You know "The Road." We read about it in Robert Frost's "The Road Not Taken." We use terms like, "Well, that was a bump in the road," for when life gets a little tough. We talk about, "He's on Easy Street," or we take a trip "Down Memory Lane."
Life really is a Road Trip!
I just wasn't given a map though...
Some people are given maps at an early age. It directs them right from the hospital where they're born, onto a highway ramp, onto the interstate for a couple of miles (not far...) and directly to a certain destination. And there they stay. Their parents, grandparents, (and even further back), know this place well. They know all the people, the best restaurants, parking, local events... Heck, their ancestors even built a lot of the foundations and buildings!
That's some people. And, here's one of their maps:
I did have some sense of direction when I was young. I knew, like all my older sisters, that I was going to go to college. So, for my first 21 years, I focused on school. That was my goal, my destination, my path... my road.
But, after college? I was told, "You can do whatever you want!"
Here was my map:
|(Drawn, by me, on the back of my Rutgers diploma |
I received in Communications/Journalism...)
I didn't have a clue! All my friends from Rutgers already had their jobs lined up three months BEFORE we graduated. Me? I spent the entire summer after graduation in my friend Jeff's parents' "Rec Room" watching MTV...
(You remember "Rec Rooms"? They're now called "Family Rooms" ever since the 90's McMansions building craze.)
I did internships in college to get a feel for what I wanted to do. I worked in the research department of WNEW-TV (now FOX-TV). I didn't like the screaming, crying, and firing atmosphere going on in the news room. I actually had a news director SCREAM in my face - literally six inches from my nose - for several minutes until someone told him I was "just an intern." He then screamed, "THEN WHY THE HELL AM I TALKING TO HER!!!!" and stormed away.
Then, shortly after my lost summer, my friend from R.U., Alice, got me an interview at Woman's Day Magazine. (I worked with her at the Rutgers newspaper - The Daily Targum - as a cartoonist). So, I got my first paying job in their art department as the Art Director's assistant.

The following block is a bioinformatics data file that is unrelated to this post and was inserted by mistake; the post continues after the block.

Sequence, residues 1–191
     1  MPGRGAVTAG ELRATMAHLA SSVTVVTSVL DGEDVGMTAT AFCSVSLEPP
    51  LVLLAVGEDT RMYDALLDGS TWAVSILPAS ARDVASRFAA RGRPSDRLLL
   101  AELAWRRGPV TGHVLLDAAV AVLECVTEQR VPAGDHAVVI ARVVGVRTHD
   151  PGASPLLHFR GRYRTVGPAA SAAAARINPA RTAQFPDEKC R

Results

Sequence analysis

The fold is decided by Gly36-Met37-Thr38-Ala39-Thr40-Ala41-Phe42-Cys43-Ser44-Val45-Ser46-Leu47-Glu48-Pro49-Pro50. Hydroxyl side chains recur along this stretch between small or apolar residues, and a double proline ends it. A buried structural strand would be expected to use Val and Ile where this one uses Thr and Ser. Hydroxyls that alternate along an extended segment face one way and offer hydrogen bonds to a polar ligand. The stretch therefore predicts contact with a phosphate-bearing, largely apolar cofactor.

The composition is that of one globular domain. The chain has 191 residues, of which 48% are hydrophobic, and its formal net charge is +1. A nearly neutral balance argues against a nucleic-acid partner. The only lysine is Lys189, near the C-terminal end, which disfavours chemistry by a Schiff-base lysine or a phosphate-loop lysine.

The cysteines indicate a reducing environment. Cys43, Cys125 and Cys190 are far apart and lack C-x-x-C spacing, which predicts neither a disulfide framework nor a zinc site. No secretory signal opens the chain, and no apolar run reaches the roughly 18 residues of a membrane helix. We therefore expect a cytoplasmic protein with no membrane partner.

I paid all the art department's bills. I really didn't know what I was doing. When they told me on the interview I'd be "doing invoices" I said, "Ok." Then I went home and asked my mother what an "invoice" was...
But, I liked what the other people in the art department were doing - layout design! I didn't want to go back to college to get an art degree (especially since my parents wouldn't pay for it...) so I did what any normal 23 year old would do. I packed a suitcase, grabbed my Snoopy phone and moved to L.A.
I didn't know anyone. I didn't have a job. I'd been there ONCE for a week. But, I always had a dream of going there (I LOVED The Beach Boys and all the 60's surfer movies)...
|I still miss Annette...|
I landed a job hand-painting clothes in Venice Beach. I got paid PER piece. The first day I painted two shirts. The next day I did three or four. That's ONE DOLLAR a shirt. At the end of that week the store's accountant came back to where I was painting and told me, "Honey, you're going to starve." By the end of the first month I was painting about 50 a day!
But, the store's owner was a whacko (go figure... a whacko in L.A.!) and the job only lasted about seven months. By the end of the year I was broke. I sold my "vintage" orange VW Bug, packed up Snoopy and moved back to Jersey.
|To La La Land and back.|
So, I was back in Jersey, living in my sister's spare bedroom in the basement and wondering, "Where am I?" And, more importantly, "Where am I going?"
There were so many roads to choose...
And I still didn't have a map.